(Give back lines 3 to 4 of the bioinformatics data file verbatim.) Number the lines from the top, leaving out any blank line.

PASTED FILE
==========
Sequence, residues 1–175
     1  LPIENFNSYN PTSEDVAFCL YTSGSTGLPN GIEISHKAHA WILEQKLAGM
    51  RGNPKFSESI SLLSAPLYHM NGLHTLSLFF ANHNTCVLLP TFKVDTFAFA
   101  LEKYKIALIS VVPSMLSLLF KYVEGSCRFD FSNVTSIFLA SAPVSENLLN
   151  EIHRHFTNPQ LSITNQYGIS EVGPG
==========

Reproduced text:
    51  RGNPKFSESI SLLSAPLYHM NGLHTLSLFF ANHNTCVLLP TFKVDTFAFA
   101  LEKYKIALIS VVPSMLSLLF KYVEGSCRFD FSNVTSIFLA SAPVSENLLN